WHAT DOES KAREN CHUNG DO?
As editor I've been behind the scenes, replete with high-value Nando's card, making magazines for clients such as the Hôtel Beau-Rivage, Selfridges and Montblanc, so am very cosy in fashion, beauty, style and culture – a lovely mix. However, I've also created a gorgeous guidebook for a social enterprise and a lively website for a community garden. And I think whoever said never work with children and animals must have taken leave of their senses. Children and animals are brilliant! I'd love to do a magazine for kids. Especially if I have minions to deal with the tantrums, while I sip Earl Grey from the comfort of my throne. And it would be amazing to do one for a charity that's super cool and looks gorgeous. Imagine!
I started copywriting at Vogue, and it really took off at Wallpaper*, where my desk was in a narrow thoroughfare near the loos; as passing editors were always nudging past, I picked up a lot of work. My despatches have ranged from round-ups of European furniture fairs, to restaurant reviews, and musings on important matters such as the wearing of hats, about which I have always held strong opinions. My snippets for the early issues of Wallpaper*, in 'Short and Sweet' are particularly rich in nonsense-value and payback.
I am a nosy neighbour and led the creation of Lamlash Garden, one of the Mayor of London's 100 Olympic legacy 'Pocket Parks', here in my 'manor' in south London. We run a monthly gardening session on the first Sunday of every month, where anyone can muck in, buy our home-made jams (I love making jam), or just say hello. See lamlashgarden.co.uk, where you can read my blog. Having recently acquired, by mistake, a pet hamster with whom my little nieces and my nephew are besotted, I will also be blogging on: 'Tuffy: South London's baddest hamster'. Do befriend him: he's very cute.
As a feature writer, I have covered a manifold cluster of glorious subjects: architecture, interior design, art, fashion, travel, social trends, music, food and London's open spaces, for titles including Harrods Estates, Wallpaper*, Time Out London and Montblanc magazines. I think the fact that I adore clever one-liners, intuitive design, memes and beautiful paper informs my work, and it's nice to spend time on an interesting subject. Note to roving commissioning editors: for feature writing, I charge by the article; for jams, 'tis by the ounce.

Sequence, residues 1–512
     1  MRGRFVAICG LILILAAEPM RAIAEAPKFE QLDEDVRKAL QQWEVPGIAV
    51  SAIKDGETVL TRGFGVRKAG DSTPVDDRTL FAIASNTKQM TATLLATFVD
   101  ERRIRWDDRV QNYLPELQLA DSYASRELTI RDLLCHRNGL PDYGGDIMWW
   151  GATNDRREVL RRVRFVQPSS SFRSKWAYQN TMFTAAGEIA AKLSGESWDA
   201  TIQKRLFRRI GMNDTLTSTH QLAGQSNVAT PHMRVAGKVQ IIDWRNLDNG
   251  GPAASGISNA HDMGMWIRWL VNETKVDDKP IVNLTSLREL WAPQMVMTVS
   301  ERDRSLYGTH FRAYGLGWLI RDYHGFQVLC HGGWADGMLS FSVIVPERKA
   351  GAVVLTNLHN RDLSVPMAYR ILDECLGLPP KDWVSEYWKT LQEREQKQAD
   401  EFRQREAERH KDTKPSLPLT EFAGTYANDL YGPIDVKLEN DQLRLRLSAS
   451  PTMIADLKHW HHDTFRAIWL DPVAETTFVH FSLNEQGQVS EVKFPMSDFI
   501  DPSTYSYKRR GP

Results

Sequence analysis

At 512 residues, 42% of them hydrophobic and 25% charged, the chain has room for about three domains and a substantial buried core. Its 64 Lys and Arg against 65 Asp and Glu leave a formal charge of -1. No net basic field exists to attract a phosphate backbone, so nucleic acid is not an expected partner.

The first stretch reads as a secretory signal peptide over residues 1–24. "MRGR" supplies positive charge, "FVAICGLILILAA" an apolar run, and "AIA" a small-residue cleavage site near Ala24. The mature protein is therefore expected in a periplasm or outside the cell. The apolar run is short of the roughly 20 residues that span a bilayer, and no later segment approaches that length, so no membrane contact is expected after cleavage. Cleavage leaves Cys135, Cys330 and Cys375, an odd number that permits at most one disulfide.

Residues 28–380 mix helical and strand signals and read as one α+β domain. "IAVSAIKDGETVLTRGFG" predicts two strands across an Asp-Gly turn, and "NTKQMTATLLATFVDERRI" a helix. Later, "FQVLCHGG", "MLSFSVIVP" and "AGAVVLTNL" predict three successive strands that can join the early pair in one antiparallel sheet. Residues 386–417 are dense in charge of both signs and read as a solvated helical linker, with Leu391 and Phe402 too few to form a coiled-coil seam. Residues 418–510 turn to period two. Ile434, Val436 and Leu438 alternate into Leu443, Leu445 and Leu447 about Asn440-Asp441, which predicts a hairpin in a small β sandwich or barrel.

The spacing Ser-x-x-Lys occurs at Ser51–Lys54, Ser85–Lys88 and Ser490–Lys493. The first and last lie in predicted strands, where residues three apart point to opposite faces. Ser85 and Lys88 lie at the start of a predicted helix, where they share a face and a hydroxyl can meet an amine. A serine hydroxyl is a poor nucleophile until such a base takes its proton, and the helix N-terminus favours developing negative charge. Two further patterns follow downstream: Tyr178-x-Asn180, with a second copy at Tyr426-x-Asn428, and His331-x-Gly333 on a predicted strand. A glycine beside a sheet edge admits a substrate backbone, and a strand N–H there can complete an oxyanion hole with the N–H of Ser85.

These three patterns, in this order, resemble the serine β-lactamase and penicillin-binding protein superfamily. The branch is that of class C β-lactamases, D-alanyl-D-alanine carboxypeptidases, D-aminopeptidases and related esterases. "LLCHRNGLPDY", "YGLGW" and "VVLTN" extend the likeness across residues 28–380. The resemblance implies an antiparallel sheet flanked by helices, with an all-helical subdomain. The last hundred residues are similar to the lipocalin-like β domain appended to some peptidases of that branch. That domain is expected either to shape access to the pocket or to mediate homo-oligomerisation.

Sub-editors: the unsung heroes of the publishing industry. Mission: to eradicate grocer's apostrophe's and other grammatical aberrations; to invent splendid headlines and captions; and to ensure content falls not foul of libel laws and bankrupt one's publication/agency. On the subs desk, I've overseen the fiddly bits in magazines, catalogues and brochures and whipped copy into readable, box-fresh fabulousness. It sounds easy – and have you noticed how far down the masthead sub-editors are usually located? Grrr.
I play the harpsichord and am currently working on a PhD in music history. I sometimes wonder, what is the point of a PhD, aside from the thrill of putting 'Dr' in front of one's name? And if anyone ever had the misfortune to have a heart attack in front of me, I would instantly be rumbled as a FAKE doctor. So I asked my mother (a retired nurse) to teach me CPR. Just in case. The point of my PhD is therefore, if you have a heart attack in my presence, you've a fighting chance of not expiring before the ambulance arrives. It also clarifies that I can research and write – excellent and useful skills for a journalist. Especially one who writes a blog for a hamster.